Radio Waves Show Promise in Treating Hepatocellular Carcinoma

A targeted therapy using non-thermal radio waves improved overall survival in hepatocellular carcinoma (HCC) patients and had no side effects, a new study found.

A targeted therapy using non-thermal radio waves improved overall survival in hepatocellular carcinoma (HCC) patients and had no side effects, a new study found.

For the study, published online in 4Open, Wake Forest School of Medicine researchers utilized TheraBionic P1, which is a hand-held device that emits radio frequencies via a spoon-shaped antenna that is placed on the patient’s tongue and delivers low levels of radiofrequency electromagnetic fields throughout their body.

The TheraBionic device, which received Breakthrough Devices Designation from the Food and Drug Administration in 2019, is currently under evaluation and is not yet in commercial use.

One of the inventors of the device, Boris Pasche, MD, PhD, director of Wake Forest Baptist’s Comprehensive Cancer Center in Winston-Salem, NC, told Managed Healthcare Executive® that he does not know when the device will be officially approved by the FDA.

Still, the new study results are promising in the treatment of HCC, the most common type of liver cancer.

“HCC accounts for nearly 90 percent of all liver cancers, and current survival rates are between 6 and 20 months,” Pasche said in a news release. “Currently, there are limited treatment options for patients with this advanced liver cancer.”

The study included 18 patients with advanced HCC and researchers analyzed previously published data on 41 patients from a phase 2 study and historical controls from earlier clinical trials.

“Our findings show an improvement in overall survival of more than 30 percent in patients with well-preserved liver function and also in those with more severe disease,” Pasche said.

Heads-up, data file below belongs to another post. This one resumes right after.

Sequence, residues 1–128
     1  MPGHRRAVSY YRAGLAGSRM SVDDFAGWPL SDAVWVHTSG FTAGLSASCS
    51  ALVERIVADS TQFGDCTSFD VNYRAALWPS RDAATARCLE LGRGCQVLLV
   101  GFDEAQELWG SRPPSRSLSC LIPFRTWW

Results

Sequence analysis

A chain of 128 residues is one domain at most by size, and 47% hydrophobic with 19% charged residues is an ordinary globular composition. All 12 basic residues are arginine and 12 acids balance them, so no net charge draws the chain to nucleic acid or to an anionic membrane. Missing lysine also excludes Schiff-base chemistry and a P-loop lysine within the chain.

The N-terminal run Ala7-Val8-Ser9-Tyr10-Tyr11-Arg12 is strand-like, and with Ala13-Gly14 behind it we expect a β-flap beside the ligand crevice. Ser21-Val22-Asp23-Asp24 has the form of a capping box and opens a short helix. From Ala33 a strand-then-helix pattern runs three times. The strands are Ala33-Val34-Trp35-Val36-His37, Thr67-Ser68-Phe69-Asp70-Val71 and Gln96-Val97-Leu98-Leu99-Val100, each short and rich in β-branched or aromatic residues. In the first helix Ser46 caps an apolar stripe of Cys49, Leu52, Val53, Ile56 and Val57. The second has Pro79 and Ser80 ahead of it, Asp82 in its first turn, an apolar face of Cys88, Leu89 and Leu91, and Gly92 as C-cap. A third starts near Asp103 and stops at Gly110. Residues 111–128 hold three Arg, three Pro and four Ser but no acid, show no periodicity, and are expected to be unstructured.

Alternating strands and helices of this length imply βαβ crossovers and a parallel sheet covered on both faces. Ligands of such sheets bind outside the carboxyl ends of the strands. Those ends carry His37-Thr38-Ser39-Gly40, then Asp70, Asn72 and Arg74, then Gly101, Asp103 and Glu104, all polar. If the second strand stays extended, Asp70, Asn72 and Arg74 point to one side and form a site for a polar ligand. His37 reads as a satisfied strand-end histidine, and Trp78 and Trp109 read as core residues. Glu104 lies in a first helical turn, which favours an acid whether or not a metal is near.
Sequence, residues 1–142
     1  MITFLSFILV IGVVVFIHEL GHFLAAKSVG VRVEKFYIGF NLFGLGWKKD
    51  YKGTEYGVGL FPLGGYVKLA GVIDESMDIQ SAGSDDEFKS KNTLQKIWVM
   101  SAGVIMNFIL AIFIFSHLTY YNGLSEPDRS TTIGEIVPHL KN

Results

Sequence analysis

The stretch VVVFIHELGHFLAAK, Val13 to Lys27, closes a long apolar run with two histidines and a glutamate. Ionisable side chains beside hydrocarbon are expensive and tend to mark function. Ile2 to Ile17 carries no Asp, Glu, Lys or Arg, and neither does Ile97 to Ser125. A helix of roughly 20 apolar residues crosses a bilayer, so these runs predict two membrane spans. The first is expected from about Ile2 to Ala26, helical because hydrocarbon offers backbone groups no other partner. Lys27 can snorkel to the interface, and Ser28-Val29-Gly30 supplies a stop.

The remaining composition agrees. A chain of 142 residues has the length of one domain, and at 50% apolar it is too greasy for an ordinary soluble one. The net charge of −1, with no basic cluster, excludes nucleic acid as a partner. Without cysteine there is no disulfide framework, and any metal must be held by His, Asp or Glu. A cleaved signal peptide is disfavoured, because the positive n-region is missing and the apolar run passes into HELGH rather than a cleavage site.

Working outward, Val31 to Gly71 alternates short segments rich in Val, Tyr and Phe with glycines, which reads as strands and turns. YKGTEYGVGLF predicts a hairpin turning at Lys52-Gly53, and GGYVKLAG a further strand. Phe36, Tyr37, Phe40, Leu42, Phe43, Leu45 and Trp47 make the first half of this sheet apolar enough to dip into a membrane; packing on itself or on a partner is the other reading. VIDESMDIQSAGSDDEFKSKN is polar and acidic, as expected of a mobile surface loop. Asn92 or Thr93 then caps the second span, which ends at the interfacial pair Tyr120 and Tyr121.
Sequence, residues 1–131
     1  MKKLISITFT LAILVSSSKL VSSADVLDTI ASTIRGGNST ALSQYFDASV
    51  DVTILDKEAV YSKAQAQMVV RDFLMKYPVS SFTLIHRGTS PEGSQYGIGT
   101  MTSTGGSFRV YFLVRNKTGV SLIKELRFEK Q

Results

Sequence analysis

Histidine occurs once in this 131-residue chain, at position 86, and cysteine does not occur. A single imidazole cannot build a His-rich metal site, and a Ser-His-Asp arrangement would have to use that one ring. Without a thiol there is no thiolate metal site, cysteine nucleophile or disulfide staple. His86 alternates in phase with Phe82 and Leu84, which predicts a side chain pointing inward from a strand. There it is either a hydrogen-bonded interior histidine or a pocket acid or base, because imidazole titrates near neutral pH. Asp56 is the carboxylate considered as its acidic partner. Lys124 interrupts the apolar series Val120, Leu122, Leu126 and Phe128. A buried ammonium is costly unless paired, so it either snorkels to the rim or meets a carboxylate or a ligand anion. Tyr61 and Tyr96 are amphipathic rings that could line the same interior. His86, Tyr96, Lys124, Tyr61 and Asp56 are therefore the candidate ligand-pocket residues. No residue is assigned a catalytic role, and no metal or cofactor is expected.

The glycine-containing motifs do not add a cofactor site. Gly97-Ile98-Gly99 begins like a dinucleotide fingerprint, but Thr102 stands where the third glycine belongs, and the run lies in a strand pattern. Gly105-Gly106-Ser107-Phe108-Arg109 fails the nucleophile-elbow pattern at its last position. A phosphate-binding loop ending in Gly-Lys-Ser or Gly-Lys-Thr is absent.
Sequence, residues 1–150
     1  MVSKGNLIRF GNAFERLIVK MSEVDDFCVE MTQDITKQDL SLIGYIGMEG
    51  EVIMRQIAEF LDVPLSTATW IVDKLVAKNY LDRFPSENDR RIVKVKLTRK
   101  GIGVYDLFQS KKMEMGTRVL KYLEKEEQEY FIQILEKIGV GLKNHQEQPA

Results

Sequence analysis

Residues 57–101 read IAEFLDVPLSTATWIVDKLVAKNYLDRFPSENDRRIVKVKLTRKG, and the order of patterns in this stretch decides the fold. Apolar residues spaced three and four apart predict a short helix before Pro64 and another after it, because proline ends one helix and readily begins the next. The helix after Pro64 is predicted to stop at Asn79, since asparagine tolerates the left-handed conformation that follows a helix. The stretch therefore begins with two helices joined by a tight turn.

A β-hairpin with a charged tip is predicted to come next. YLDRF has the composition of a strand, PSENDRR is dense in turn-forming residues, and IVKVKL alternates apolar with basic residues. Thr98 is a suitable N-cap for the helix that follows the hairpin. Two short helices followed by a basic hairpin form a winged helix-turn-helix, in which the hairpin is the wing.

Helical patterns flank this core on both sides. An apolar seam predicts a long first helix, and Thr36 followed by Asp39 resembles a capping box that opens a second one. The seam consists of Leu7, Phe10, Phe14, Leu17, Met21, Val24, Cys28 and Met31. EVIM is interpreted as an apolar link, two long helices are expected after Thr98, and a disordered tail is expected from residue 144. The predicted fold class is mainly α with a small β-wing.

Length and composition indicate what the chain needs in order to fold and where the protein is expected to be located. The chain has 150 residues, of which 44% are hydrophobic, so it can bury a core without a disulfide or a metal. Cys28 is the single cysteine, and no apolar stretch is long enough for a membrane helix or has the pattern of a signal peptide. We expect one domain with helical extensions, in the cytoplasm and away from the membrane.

Researchers also tracked side effects, and no patients stopped TheraBionic P1 treatment because of adverse reactions. “We’re encouraged by these initial findings,” Pasche said. “Our study shows a benefit in overall survival, and the treatment isn’t associated with any significant side effects.”

TheraBionic P1, invented by Pasche and Alexandre Barbault of TheraBionic GmbH in Ettlingen, Germany, works by delivering cancer-specific, amplitude-modulated radiofrequency electromagnetic fields programmed specifically for HCC.

The frequencies used are specific to the patient’s type of cancer as identified through tumor biopsies or blood work, Pasche said. Pasche and Barbault have discovered radio frequencies for 15 different types of cancer.

The study does have several limitations, Pasche noted, particularly the small sample size and “selection bias inherent in the use of historical control data.”

Two additional clinical trials testing TheraBionic P1 are underway. One is a single-center study to assess the safety and effectiveness of the TheraBionic device in combination with regorafenib (brand name Stivarga and others), a chemotherapy drug, as a second-line treatment.

Another multicenter, double-blind, randomized study comparing TheraBionic with placebo will assess the safety and effectiveness of the device as a third-line therapy in the treatment of advanced HCC. “We expect to see a longer overall survival and better quality of life in patients that receive TheraBionic vs patients who receive placebo,” Pasche said.

Pasche holds stock in TheraBionic Inc. and TheraBionic GmbH, and is chairman of the board and CEO of TheraBionic Inc. and co-CEO of TheraBionic GmbH.